Where to designers fit into the puzzle?

I had an interesting thought on where designers fit in a project team, and how it effects the direction the project will take. To illustrate my idea I will illustrate 3 different scenarios and weigh the advantages and disadvantages of each.

Scenario 1
Often times there is a lot of emphasis on an end user in some design studios, which makes sense, they ARE the people who are going to be experiencing the final product. But is it possible to be so in favor of the end user to the point where sacrifices are being made in the team? An example of this may be that our End User needs to have an enormous battery life on his portable battery, but doing so makes the cost significantly higher than before. Although this may not be a bad thing as long as Jim is willing to pay for it, this scenario suggests that an End User will lead, and the Product Team will follow. An advantage is that we know that there are people who are already interested in this idea, but it also may lead to predictable results. If we solely rely on an End User’s input to determine our final design we may lack specific unique features that give us a unique product.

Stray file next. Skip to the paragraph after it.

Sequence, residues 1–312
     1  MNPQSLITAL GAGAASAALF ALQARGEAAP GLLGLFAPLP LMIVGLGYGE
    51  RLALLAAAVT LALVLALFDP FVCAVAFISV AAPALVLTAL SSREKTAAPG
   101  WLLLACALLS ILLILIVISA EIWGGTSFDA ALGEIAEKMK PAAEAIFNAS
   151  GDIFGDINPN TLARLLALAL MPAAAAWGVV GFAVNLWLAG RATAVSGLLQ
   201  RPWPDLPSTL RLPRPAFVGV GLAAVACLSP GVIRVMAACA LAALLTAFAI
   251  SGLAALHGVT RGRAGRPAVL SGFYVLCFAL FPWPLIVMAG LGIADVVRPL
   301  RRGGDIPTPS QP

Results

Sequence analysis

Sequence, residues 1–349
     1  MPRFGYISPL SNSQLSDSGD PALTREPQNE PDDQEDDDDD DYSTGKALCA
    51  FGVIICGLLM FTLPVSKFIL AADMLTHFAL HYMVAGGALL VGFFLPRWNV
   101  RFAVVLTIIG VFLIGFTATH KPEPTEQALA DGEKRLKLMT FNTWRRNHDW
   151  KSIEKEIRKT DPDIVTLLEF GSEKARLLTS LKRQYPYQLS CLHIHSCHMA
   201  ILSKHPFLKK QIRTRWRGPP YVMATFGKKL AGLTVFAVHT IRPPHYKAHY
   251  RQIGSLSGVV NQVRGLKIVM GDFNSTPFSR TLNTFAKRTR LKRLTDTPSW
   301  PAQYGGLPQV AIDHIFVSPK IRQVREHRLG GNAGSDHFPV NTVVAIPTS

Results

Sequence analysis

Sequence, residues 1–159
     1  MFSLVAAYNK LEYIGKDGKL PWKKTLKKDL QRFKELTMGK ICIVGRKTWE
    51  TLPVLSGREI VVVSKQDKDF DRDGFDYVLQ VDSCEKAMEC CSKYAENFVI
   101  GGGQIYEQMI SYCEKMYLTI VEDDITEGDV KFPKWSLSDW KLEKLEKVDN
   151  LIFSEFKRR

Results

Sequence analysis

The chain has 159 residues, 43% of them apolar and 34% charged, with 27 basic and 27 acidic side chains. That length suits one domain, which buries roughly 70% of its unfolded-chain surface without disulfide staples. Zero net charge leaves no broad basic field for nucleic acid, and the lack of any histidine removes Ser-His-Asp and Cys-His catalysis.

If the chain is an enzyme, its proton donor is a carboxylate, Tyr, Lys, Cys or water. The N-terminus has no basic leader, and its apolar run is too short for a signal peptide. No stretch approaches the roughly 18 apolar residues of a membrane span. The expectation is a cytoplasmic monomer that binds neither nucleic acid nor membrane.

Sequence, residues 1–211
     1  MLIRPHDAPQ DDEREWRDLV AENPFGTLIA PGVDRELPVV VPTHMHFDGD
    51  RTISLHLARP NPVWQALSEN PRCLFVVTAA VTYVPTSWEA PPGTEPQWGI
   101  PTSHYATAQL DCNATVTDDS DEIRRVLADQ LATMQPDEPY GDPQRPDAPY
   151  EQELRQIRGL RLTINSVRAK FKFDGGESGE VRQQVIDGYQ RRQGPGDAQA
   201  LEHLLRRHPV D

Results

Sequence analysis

Scenario 2
Okay so let’s say that the Product Team wants to have the main control, maybe we have been making portable batteries for years and we know what we are doing. In this scenario instead of providing an End User with the ultimate say, we want to create something new. This is a scenario where the Product Team leads and the End User follows, they adapt the unique feature or idea that we implement based on our own ideas. This may lead to a big win where everyone loves it, but it may also mean that we have missed something obvious that the End User would have liked.



Scenario 3
It may seem obvious where I am going at this point, but its important to note that a balanced scenario does not mean that we always stay in the middle. I see this as a back and fourth between the End User and the Product Team on certain decisions. For example the End User would be a good place to see what kind of colours we should offer our portable battery in. But in terms of the shape and form, this may be something that is best handled with a skew toward the Product Team. Also, having a skew to one end doesn’t mean that we completely shut off the other side either, it just suggests a slight emphasis in where the main direction is being controlled.


Ultimately all three Scenarios are going to occur during a design development, but I believe that it is important to understand at which points you are giving power to one side over the other. A healthy design usually carries a collection of both sides, and if one side is lacking it shows in the outcome.


Anyways, that’s the end of that shower thought.

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